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The Slavic word for "to write", pьsati (Polish: pisać, Russian: писать, Czech: psát, Slovak: písať) derives from a Common Balto-Slavic word for "to paint, smear", found in Lithuanian piẽšti "paint, write", paĩšas "smudge", puišinas "sooty, dirty", from the same root as Old Slavic pьstrъ (also pěgъ) "coloured" (Greek ποικίλος), ultimately from a PIE root *peik- "speckled, coloured" (Latin pingō "paint", Tocharian pik-, pink- "paint, write"). This indicates that the Slavs named the new art of writing in ink, as "smearing, painting", unlike English which, with Old English *(w)rītan English write, transferred the term for "incising (runes)" to manuscript writing. The other Germanic languages use terms derived from Latin scribere. A Slavic term for "to incise" survives in OCS žrěbъ "lot" originally the incision on a wooden chip used for divination (Russian жребий "number, tally mark", from the same root as Greek γράφω).
In the "Life of Saint Cyril-Constantine the Philosopher", Rastislav, the duke of Moravia sent an embassy to Constantinople asking Emperor Michael III to send learned men to the Slavs of Great Moravia, who being already baptised, wished to have the liturgy in their own language, and not Latin and Greek. Emperor called for Constantine and asked him if he would do this task, even though being in poor health. Constantine replied that he would gladly travel to Great Moravia and teach them, as long as the Slavs had their own alphabet to write their own language in, to which the Emperor replied that not even his grandfather and father and let alone he could find any evidence of such an alphabet. Constantine was distraught, and was worried that if he invents an alphabet for them he'll be labelled a heretic.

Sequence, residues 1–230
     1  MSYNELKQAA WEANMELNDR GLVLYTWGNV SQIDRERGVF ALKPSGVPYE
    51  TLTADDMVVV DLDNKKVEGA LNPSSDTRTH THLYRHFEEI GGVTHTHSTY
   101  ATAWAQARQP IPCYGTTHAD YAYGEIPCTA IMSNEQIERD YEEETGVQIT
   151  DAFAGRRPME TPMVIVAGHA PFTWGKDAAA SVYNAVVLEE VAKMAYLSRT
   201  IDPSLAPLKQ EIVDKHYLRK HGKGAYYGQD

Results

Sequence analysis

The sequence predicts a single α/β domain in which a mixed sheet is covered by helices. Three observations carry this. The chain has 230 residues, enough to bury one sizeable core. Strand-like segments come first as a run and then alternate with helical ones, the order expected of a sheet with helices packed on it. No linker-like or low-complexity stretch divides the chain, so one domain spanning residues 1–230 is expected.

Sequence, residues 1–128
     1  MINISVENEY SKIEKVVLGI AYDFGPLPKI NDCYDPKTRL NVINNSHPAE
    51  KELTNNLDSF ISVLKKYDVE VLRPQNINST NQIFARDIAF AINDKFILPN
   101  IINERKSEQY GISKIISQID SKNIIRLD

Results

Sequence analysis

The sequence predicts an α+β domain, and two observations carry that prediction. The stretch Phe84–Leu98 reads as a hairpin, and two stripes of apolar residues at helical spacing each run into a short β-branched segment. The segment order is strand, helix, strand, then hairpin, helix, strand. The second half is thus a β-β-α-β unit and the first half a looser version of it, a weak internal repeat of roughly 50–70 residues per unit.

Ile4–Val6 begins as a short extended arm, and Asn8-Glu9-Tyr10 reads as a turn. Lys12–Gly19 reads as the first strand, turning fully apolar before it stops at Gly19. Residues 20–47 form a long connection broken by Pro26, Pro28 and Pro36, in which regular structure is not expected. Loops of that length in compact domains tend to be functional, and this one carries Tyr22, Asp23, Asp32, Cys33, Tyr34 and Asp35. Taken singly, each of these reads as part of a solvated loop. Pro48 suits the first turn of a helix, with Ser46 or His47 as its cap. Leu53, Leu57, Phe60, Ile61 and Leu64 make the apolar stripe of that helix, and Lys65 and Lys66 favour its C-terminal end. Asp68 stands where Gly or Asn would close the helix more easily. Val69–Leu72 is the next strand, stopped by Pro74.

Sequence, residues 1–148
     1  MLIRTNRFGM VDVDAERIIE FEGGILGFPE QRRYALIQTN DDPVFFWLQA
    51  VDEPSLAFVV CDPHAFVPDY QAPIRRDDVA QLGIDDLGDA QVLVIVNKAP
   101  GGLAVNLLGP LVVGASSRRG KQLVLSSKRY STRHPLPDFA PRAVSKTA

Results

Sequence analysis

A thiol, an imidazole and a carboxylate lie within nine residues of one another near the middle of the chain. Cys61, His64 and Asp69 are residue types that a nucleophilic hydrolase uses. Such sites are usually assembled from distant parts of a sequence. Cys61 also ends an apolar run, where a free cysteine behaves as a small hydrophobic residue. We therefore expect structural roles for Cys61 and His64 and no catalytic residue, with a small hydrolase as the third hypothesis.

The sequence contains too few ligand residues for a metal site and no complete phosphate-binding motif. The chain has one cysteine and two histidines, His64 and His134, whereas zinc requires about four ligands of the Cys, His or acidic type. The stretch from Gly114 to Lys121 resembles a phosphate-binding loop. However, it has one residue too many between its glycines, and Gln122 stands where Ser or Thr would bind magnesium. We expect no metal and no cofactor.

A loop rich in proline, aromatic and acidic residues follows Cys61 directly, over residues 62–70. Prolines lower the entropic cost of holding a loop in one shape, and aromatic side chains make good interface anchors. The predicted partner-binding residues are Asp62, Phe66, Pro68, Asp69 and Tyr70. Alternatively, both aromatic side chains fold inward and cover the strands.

Събравъ же съборъ Цѣсар̑ь призъва Кѡнстантїна Фїлософа, и сътвори и слꙑшати рѣчь сьѭ. И рече: Вѣмь тѧ трѹдьна сѫшта, Фїлософе, нъ потрѣба ѥстъ тебѣ тамо ити; сеѩ бо рѣчи не можетъ инъ никътоже исправити ꙗкоже тꙑ. Отъвѣшта же Фїлософъ: И трѹдьнъ сꙑ и больн̑ь тѣломь, съ радостьѭ идѫ тамо, аште имѣѭтъ бѹкъви въ ѩзꙑкъ свой. И рече Цѣсар̑ь къ нѥмѹ: Дѣдъ мой и отьць и ини мъноѕи искавъше того, не сѫтъ того обрѣли, то како азъ могѫ то обрѣсти? Фїлософъ же рече: То къто можетъ на водѫ бесѣдѫ напьсати и ѥретїчьско имѧ обрѣсти?— Life of Saint Cyril-Constantine the Philosopher, Chapter XIV
Even if some form of writing existed among the Slavs in previous centuries, by the 9th century the learned men in the Eastern Roman Empire were not aware of its existence in any of the Slavic lands that they had sent missionaries or ambassadors to. Either this writing had died out or it wasn't a real form of writing, but rather just "tallies and sketches" as mentioned in Chernorizets Hrabar's An Account Of Letters, using which books could not be written.
- In this place are listed eleven examples of Slavic words, such as живѣтъ /živět/ "life", which can by hardly written using the unadapted Roman or Greek letters (i.e. without diacritic changing their sound-values).
- Old Church Slavonic text of An Account of Letters (a Russian site) Archived 2012-03-13 at the Wayback Machine
- Thietmarus Merseburgensis
- Ibn Fadlan, on the Rus merchants at Itil, 922.
- The Great Soviet Encyclopaedia, 2nd ed. Article "Гнездовская надпись".
- Roman Jakobson, Linda R. Waugh, Stephen Rudy. Contributions to Comparative Mythology. Walter de Gruyter, 1985. Page 333.
- The latest coins found in the same burial go back to 295 AH, i.e. to 906–907 CE.